HMAS Perth was sunk in the battle of Sunda Strait, on February 28, 1942.  Some of her crew were rescued by the Japanese, only to be held in terrible captivity conditions.  Her story inspired another prisoner, Murray Griffin, who painted the following picture.

 

AWM_ART24483_HMAS_Perth.jpg

"HMAS Perth fights to the last, 28th February, 1942 - Murray Griffin"

 

HMS Neptune, although listed as a Royal Navy ship, was in fact manned by a New Zealand crew.  On December 19, 1941, while part of Force K (a Royal Navy task force that operated in the Mediterranean), HMS Neptune hit two mines laid down by the Italians.  While trying to get out of the minefield, she was hit by a third mine.  None of the other ships in her formation could assist, because of the danger of other mines in the area, which had hit two other British ships (HMS Aurora and HMS Penelope) and eventually a third one (HMS Kandahar) trying to rescue the cruiser.  She was eventually hit by a fourth mine and rapidly capsized.

 

2_zpsfd6371b4.jpg

HMS Neptune

 

Leander-class in the game:

48kl.jpg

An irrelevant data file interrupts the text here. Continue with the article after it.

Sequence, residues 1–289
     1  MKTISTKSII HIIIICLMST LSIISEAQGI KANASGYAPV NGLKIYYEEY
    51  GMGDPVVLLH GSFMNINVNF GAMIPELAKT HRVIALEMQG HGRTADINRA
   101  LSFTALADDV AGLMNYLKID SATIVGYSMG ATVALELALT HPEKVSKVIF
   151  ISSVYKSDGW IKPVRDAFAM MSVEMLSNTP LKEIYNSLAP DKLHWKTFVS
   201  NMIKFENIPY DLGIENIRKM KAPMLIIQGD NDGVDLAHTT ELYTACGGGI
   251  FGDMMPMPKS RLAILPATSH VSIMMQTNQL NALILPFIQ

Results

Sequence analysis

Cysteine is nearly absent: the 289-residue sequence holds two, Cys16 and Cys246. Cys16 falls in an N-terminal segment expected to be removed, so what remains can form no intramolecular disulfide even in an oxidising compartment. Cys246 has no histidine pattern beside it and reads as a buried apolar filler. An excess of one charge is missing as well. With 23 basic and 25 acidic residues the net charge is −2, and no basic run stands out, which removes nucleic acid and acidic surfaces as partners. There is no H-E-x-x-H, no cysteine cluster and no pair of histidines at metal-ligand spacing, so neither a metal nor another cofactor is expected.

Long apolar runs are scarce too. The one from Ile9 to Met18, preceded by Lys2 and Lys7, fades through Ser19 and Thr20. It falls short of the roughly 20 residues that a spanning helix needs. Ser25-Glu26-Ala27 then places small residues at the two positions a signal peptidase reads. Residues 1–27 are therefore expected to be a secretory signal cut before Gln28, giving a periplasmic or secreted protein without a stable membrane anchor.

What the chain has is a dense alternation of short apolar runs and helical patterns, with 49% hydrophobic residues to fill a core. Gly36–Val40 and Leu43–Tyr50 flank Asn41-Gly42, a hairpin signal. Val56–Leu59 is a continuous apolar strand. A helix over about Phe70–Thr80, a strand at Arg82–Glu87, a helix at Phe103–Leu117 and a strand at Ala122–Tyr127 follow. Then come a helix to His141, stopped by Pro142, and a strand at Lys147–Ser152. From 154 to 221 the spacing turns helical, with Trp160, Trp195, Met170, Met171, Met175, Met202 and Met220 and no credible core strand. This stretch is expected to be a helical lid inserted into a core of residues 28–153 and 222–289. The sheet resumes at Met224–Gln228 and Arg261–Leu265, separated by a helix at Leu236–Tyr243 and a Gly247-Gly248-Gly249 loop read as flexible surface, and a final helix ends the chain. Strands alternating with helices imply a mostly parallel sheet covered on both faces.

As seen from the phenomenal work from mr3awsome collecting data over 2 forums to tell us more about what is happening concerning technical trees, there is an "obvious" spot at tier-6, between the Emerald-class and the Southampton-class.  However, despite one more 6-inch gun, the Leander-class ships have 4 less torpedo tubes than the Emerald.  So, and don't take my word for it, based on what is also happening on the US tree with the Brooklyn-class, it wouldn't be a stretch to actually see Wargaming switch the Emerald and the Leander.  To be followed...

Edited by Ariecho
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The Leander's actually shipped their 4 x 1 QF4" Mk Vs for 4 x 2 QF4" Mk XVIs. The latter were used on all later British CLs, although the late-war paper designs had the QF4.5" Mk I or Mk III.